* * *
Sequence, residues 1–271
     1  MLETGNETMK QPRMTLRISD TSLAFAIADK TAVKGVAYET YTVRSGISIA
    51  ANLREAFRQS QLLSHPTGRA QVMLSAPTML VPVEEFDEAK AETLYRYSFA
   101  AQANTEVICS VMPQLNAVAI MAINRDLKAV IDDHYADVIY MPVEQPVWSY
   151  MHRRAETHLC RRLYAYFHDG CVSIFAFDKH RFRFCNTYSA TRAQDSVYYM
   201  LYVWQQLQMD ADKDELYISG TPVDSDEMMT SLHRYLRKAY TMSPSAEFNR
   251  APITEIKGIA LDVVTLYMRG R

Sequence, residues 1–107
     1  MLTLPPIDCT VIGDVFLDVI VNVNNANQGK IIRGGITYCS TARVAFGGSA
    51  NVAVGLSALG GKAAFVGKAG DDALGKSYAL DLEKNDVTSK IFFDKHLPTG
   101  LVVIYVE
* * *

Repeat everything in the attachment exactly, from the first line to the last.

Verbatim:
Sequence, residues 1–271
     1  MLETGNETMK QPRMTLRISD TSLAFAIADK TAVKGVAYET YTVRSGISIA
    51  ANLREAFRQS QLLSHPTGRA QVMLSAPTML VPVEEFDEAK AETLYRYSFA
   101  AQANTEVICS VMPQLNAVAI MAINRDLKAV IDDHYADVIY MPVEQPVWSY
   151  MHRRAETHLC RRLYAYFHDG CVSIFAFDKH RFRFCNTYSA TRAQDSVYYM
   201  LYVWQQLQMD ADKDELYISG TPVDSDEMMT SLHRYLRKAY TMSPSAEFNR
   251  APITEIKGIA LDVVTLYMRG R

Sequence, residues 1–107
     1  MLTLPPIDCT VIGDVFLDVI VNVNNANQGK IIRGGITYCS TARVAFGGSA
    51  NVAVGLSALG GKAAFVGKAG DDALGKSYAL DLEKNDVTSK IFFDKHLPTG
   101  LVVIYVE